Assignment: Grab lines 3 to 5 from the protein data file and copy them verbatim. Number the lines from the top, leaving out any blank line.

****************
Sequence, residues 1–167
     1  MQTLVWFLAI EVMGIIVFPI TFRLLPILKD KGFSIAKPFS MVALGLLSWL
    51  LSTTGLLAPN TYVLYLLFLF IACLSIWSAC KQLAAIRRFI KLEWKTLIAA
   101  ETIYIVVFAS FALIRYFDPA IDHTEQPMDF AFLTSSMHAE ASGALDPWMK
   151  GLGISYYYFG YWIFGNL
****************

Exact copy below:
    51  LSTTGLLAPN TYVLYLLFLF IACLSIWSAC KQLAAIRRFI KLEWKTLIAA
   101  ETIYIVVFAS FALIRYFDPA IDHTEQPMDF AFLTSSMHAE ASGALDPWMK
   151  GLGISYYYFG YWIFGNL